that suddenly makes the whole thing work like magic. If you like reading endless sections about men abusing and torturing women then by all means, go ahead. Considering the twist at the end, none of it advances the story or has anything at all to do with the character development of the Governor. The scenes are superfluous and have absolutely no context except as a plot device to freak the reader out.

Look, at the end of the day, I'm just one reviewer with my own subjective interpretation. There are plenty of other reviews out there of people who loved the book and are buying it for their whole family for Christmas. That person won't be me, but I won't hold it against you if you love it. I'm glad I know the deal with the Governor, and I'm glad this book made me go back and re-read the comics, but I won't be lining up to get the next TWD novels.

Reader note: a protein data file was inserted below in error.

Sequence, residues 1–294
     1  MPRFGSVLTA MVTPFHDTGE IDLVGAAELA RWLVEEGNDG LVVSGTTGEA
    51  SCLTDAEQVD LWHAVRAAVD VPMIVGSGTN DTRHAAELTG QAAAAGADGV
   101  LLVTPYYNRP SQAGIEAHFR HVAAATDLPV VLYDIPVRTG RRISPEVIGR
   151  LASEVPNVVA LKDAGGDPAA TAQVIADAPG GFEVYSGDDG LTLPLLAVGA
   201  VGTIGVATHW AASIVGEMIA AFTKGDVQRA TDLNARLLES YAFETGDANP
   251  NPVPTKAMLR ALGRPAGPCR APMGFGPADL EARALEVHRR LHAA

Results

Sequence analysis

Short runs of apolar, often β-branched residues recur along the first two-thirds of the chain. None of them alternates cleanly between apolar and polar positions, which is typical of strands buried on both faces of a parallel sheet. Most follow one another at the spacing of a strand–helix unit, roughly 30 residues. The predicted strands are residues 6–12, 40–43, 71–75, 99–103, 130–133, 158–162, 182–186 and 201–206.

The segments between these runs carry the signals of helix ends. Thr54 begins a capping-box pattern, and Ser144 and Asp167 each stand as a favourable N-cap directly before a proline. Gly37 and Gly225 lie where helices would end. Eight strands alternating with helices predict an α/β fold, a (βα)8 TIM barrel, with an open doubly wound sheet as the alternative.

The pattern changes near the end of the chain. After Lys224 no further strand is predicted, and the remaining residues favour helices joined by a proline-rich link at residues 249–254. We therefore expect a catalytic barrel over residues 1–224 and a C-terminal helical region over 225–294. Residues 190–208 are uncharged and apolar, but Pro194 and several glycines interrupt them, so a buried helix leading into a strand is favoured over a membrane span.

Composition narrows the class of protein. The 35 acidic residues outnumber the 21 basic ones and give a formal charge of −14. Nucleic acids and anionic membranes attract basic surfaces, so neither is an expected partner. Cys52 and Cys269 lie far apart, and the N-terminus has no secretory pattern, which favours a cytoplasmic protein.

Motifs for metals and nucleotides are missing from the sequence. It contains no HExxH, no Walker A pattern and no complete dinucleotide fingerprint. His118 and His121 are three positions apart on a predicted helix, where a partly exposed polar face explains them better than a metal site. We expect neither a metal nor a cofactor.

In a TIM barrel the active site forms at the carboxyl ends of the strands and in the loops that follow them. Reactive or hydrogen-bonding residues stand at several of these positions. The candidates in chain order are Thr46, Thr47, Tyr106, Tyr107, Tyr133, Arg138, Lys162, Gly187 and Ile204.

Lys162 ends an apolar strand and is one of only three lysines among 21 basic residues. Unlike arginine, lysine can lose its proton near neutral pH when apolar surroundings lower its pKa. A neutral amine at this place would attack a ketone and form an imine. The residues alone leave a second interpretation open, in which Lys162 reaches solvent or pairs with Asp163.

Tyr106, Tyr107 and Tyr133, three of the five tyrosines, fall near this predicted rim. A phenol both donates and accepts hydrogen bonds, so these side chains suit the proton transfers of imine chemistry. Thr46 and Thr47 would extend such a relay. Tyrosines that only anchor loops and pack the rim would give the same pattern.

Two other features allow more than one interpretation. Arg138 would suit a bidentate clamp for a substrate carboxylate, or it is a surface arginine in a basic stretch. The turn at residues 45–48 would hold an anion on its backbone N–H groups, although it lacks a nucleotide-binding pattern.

3. G86
This is an incredibly misleading review. No, there aren't many females in this book. The only two that play a major role are April and Tara Chalmers, but they are far more than "window dressing" as you claim, and they are not weak women. The book is "full of Loris"?? There's barely ANY women in it; how can it be full of that character type if there are hardly any women in the book? April and Philip develop an interest in each other, bond on their excursion into the city to get more supplies, and both dote over Penny (so much so, that April winds up turning into a mother figure for her). They wind up fooling around with each other and kissing (consensually), and then it transforms into a rape. It doesn't justify what he did, but leading up to it, the reader is led to believe that they are fast becoming a couple. How you would find this scenario more abhorrent than the graphic (and intentional from the start) rape of Michonne in the comic, in which he relished each sadistic moment and drew out the pain for as long as possible? I have no friggin clue. So violence in the comics isn't as gratuitous as the book? OK. Because tying Michonne up, punching her repeatedly, while having sex with her, isn't the least bit gratuitous...right. And tearing out his dead daughter/niece's teeth so he can kiss her on the mouth (another scene from the comic). That's not gratuitous. Of course not.